How to Get a Student Bank Account

There are a variety of options students can choose from to store their money in college. Most banks and credit unions have accounts tailored specifically for students, as well as other “user-friendly” options that provide basic banking services.

Choosing and then opening an account can seem like a daunting task. Here are the things you should look out for when choosing an account, a list of some good options, and what you actually need once you’ve decided to open one.

Things you should consider when looking for a Bank Account:

Fees Fees Fees:

Fees are the bread and butter of the commercial bank. They can add up to a lot of money over time, so be careful. Every bank and bank account has  different policies, these are some you should look out for

  • Overdraft fee for spending more money than your account has
  • Fees for using external ATMs
  • Maintenance fees
  • Minimum balance fees
  • Account opening and closing fees
  • Transfer fees for moving money in and out of the account, usually applied to international transactions so ex-pat students beware!


When it comes down to it, having ATMs and branches close to where you live or work is a big plus. You can safely deposit and withdraw money at no cost, and their easy to get to if you ever have a problem with your account.

Online Services:

Most banks provide a variety of online services on their web pages and through apps. They all pretty much do the same basic things, but there are some specific differences between them. Find out what each bank provides (and how much they charge) to see what’s best for you.


Whether you choose a standard or student account, you should look for a place where you will want to continue being a customer once you graduate. It’s much easier to transition from a student account to a normal one at the same bank than it is to open up a whole new account at another one.

Student Specific Accounts:

Student accounts are tailored for the needs of the high schooler and undergraduate. Low maintenance and transaction fees, no minimum balances, and limited overdraft are all pretty standard. These are attractive offers, but they are not necessarily the best choice. That’s why it’s important to shop around and see what else is out there.

These are some good options to start out:

Bank Accounts Highlights          

       More Info                                            

Chase College Checking
  • No monthly service fees
  • Chase Quickpay available
  • $25 minimum deposit
More Info
TD Bank Student Checking
  • No minimum daily balance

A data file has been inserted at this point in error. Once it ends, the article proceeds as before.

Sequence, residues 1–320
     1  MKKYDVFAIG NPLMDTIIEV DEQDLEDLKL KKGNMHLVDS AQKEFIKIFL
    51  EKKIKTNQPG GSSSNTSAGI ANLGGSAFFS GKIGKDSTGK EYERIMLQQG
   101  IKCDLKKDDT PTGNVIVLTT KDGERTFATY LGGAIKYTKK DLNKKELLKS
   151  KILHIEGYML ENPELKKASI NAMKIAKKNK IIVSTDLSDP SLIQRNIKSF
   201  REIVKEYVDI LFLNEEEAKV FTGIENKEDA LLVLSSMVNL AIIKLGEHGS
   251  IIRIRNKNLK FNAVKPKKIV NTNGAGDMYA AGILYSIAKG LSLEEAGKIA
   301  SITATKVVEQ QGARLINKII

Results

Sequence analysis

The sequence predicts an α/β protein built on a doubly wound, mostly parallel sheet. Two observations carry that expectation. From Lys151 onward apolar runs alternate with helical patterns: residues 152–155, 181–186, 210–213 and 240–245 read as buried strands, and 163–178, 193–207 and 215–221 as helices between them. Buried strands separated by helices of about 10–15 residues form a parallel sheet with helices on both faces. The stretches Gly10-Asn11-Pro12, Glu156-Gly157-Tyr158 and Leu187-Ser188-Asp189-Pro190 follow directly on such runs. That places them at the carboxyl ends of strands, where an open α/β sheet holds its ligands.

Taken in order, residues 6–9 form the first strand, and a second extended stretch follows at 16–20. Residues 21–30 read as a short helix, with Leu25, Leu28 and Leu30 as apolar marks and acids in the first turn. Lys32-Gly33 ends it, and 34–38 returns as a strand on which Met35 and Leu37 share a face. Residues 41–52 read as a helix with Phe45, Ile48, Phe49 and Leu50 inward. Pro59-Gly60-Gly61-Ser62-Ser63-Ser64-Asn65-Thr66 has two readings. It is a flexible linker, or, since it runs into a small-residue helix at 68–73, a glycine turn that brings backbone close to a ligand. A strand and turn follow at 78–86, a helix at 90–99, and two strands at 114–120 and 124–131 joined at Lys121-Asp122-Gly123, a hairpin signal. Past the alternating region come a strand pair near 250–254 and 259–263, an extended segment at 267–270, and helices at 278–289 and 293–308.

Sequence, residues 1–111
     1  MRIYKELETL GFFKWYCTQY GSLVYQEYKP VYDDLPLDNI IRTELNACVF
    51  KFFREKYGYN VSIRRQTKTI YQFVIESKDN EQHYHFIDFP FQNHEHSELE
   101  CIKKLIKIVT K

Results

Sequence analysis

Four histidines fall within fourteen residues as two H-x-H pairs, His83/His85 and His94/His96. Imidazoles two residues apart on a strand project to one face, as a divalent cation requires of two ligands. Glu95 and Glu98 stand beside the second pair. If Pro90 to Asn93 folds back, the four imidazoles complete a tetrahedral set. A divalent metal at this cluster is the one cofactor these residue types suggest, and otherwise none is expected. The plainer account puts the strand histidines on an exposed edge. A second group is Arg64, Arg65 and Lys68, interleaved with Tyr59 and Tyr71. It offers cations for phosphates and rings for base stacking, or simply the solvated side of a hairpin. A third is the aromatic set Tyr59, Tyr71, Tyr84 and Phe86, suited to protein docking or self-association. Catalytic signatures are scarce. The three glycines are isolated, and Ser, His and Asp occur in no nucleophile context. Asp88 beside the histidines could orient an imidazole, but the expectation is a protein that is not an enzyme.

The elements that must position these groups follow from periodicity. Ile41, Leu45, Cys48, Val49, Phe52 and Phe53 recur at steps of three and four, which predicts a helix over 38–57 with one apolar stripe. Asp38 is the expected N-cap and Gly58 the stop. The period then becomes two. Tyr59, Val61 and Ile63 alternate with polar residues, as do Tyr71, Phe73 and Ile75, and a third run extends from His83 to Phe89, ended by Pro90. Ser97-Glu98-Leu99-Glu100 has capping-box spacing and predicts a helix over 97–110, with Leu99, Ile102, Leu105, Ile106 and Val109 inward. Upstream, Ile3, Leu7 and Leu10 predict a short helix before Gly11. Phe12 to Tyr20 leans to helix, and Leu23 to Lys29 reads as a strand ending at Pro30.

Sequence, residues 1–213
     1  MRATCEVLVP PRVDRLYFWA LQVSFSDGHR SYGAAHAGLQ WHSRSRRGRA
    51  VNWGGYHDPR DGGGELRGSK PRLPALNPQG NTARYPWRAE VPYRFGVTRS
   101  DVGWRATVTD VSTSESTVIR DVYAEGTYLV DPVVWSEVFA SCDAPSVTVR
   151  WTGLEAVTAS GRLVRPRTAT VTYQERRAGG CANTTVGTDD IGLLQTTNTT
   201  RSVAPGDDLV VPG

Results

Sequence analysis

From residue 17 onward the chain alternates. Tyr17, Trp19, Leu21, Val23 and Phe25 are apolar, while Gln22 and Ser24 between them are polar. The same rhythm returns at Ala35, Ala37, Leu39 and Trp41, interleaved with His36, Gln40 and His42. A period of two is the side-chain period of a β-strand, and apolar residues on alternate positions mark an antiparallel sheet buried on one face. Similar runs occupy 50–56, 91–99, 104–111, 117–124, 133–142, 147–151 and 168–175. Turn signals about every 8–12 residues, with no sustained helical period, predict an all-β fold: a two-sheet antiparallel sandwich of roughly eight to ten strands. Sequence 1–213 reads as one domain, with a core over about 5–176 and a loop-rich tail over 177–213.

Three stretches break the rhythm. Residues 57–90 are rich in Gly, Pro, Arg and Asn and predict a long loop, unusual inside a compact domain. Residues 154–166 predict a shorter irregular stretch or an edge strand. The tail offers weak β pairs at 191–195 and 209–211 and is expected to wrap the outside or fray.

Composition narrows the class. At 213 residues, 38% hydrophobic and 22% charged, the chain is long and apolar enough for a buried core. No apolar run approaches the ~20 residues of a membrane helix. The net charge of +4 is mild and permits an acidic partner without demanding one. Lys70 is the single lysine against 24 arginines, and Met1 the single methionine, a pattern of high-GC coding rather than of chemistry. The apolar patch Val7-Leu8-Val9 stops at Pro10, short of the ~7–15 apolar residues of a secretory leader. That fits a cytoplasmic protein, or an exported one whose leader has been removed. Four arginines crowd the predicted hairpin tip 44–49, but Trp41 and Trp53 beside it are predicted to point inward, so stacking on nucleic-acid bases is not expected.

• No monthly maintenance fee
  • No minimum initial deposit
  • No monthly maintenance fee
  • Overdraft available
  • Online banking available
More Info
BB&T Student Checking
  • No minimum balance requirement
  • No monthly maintenance fee
  • No BB&T fees for two non-BB&T ATM transactions per cycle
  • Regular savings account with no maintenance fee
  • No direct deposit requirement
  • No minimum opening deposit
  • Online Banking available
More Info
Bank of America Student Checking
  • Monthly maintenance fee waiver
  • Online and mobile banking available
  • Instant send and request feature
More Info
U.S. Bank Student Checking Account
  • No monthly maintenance fee
  • No minimum balance
  • Free U.S. Bank ATM transactions
  • No U.S. Bank fee on first four non-U.S. Bank ATM transactions per statement period
  • A $25 opening deposit
  • Optional Overdraft Coverage
More Info
Santander Student Value Checking account
  • No Monthly Fee
  • No minimum balance
  • No fee for incoming wire transfers
  • Mobile Banking with mobile check deposit
More Info

*On a cautionary note: be watchful of too-good-to-be-true promotions and deals. Predatory and illegitimate financial firms abound, so make sure the place you end up depositing your money in is a recognized and trusted institution.

Things you’ll need to open the account:

1. Government-issued ID.

  • Must be your personal government-issued photo ID. Forms issued by your school or someone else will not be accepted.

2. Phone number and email address

3. A physical address in the U.S. (not a P.O. box)

4. Your Social Security Number

  • The nine-digit code given to you by the Social Security Administration.

5. Proof of Student status.

  • Your student ID or an official letter from the University serve as proof of your status at most banks and credit unions.

6. Money

  • You have to cover the costs associated with opening an account, and most will require a minimum deposit for new customers. Find out how much money you need to open up the bank account you choose.

7. Anything else your specific account needs

  • Some banks and credit unions require specific documents for international students or other special cases. Find out if you apply for any of these.

At the end of the day where you choose to open an account, and what account you open, is a pretty important commitment for the next four years of college. It’s worthwhile to take the time and choose the one that’s right for you.

And again, beware of the scams and fake promotions!